Residency #10 – Grace Baey – March 2018


Artist statement –

Writing on the Wall

Even though sex reassignment is formally recognised in Singapore, many trans men and women share that social acceptance remains a persistent challenge within the context of family and wider society.

“When we are transitioning, our families are also transitioning with us. It’s not easy for both sides. It takes time,” says Jose Jude, a 29 year-old trans man.

Through collaborative storytelling, this project explores how members of the transgender community negotiate issues of place and identity through the realms of family, parenthood and society in Singapore.



Exactly Foundation – Residency #11 – Writing on the Wall by Grace Baey

March 2018, Singapore

NOTE:  No part of ANY text and material related to Writing on the Wall can be used, copied, published or quoted without written permission from the author(s).

Artist’s Statement – 19th May 2018

I have thought a long while about how to work on a project about transgender identity that would be meaningful and collaborative – something more than just pretty or “visual” pictures which often just feed into negative stereotypes about the community. Portrayals of trans men and women in the media are usually sensationalized and hypersexualized, which paint a very limited view.

I started this project with a basic goal: to start conversations and build understanding. And I thought that I would start the ball rolling by incorporating conversation into the pictures, where story subjects tell their own stories as part of the pictures we make together.

The process involved us having conversations about specific aspects of people’s stories that they wished to focus on for the project, making the pictures together, printing out the pictures, and having them write their responses and thoughts on the pictures.

The series is entitled Writing on the Wall, alluding to personal thought and expression amidst societal boundaries and divisions. The metaphor of the wall often comes up in my conversations and interactions with both the LGBTQ+ community and folks from the conservative right. The wall can signify power, but it is also people’s coping and defence mechanisms when threatened.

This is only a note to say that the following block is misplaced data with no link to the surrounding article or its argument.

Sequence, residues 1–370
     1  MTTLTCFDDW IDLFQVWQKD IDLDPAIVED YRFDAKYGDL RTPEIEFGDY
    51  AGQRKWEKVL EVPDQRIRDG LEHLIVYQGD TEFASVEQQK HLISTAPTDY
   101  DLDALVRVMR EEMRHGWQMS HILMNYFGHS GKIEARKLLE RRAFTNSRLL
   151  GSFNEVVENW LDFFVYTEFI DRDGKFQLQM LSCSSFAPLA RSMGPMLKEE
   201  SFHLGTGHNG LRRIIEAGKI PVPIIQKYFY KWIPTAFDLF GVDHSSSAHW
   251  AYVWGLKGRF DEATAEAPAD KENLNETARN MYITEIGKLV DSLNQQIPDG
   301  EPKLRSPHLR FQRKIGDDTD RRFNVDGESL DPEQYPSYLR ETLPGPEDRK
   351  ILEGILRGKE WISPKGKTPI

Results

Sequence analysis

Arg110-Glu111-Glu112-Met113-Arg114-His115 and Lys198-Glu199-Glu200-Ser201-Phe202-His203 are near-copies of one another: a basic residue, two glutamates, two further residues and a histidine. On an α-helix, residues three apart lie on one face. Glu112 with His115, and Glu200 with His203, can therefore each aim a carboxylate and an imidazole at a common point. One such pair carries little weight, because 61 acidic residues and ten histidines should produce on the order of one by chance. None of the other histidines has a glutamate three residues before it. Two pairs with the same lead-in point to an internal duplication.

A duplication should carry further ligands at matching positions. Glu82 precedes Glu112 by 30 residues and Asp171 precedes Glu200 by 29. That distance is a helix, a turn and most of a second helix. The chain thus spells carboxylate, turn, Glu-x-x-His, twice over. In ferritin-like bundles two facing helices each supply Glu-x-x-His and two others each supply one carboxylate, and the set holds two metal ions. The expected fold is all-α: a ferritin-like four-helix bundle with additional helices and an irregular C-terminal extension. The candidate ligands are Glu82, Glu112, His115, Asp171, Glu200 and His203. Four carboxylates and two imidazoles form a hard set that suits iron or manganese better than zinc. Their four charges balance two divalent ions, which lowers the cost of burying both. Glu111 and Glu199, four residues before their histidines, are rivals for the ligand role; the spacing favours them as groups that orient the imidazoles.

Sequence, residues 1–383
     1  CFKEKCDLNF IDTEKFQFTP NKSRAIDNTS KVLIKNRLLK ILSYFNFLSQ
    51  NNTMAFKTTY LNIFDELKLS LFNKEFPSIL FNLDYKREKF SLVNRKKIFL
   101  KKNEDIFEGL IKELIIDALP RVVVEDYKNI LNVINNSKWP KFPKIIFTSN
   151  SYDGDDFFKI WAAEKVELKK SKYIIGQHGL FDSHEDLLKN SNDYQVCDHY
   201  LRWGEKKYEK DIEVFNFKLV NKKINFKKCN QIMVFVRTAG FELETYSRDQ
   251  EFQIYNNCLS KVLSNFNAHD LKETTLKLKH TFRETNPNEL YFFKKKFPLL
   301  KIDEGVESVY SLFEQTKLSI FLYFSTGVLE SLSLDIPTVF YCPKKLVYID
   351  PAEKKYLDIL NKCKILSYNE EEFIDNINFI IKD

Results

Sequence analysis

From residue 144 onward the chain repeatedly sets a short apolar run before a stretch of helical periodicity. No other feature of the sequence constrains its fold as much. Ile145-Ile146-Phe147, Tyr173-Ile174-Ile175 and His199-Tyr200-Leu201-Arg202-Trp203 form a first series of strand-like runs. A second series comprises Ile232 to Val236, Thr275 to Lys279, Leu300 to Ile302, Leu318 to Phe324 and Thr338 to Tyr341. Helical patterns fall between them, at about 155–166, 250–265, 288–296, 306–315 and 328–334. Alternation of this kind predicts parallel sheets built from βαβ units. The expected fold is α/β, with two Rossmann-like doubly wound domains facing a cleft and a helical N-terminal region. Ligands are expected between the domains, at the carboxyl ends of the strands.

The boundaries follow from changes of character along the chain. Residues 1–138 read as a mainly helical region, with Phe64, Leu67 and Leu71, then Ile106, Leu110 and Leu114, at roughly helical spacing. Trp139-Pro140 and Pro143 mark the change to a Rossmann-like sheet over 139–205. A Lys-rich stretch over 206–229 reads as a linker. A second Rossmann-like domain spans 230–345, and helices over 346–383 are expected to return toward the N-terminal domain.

Despite Singapore’s history of being a regional hub for gender reassignment surgery, alongside old Bugis Street in the 1970s and 80s, it feels as if we have taken several steps backwards in terms of social acceptance. Whilst gender reassignment is formally recognized by the state, many trans men and women still choose not to be as open about their identity in view of stigma and discrimination.

I emphasize identity because transgender and gay identity are not “lifestyle choices” as some would assume. For many transgender persons I know, transitioning is not so much a choice as it is an inevitability. I have seen the tremendous costs that people pay – be it physical, emotional, social, and/or financial – to be who they are. Nobody would undertake these costs just for the sake of.

When asked what it felt like to go through gender reassignment surgery, Sham, a trans man featured in the project, shared that his first sentiment was one of relief. “After going through so much to transition fully, now I can die peacefully in the right body,” he said. “This is how much it matters to me.”

These stories are born out of courage and struggle – many, only after years of coming to terms with gender dysphoria and life circumstances – and I am very grateful for the willingness of the people whom I have photographed to share these intimate stories in public.

Jose said to me: “If you asked me a few years ago, I probably wouldn’t have agreed to let you photograph me because my dysphoria was so strong. But I’m tired of seeing all these perfect bodies on the internet, and it doesn’t help your self-image. People need to know the reality of what transitioning looks like.”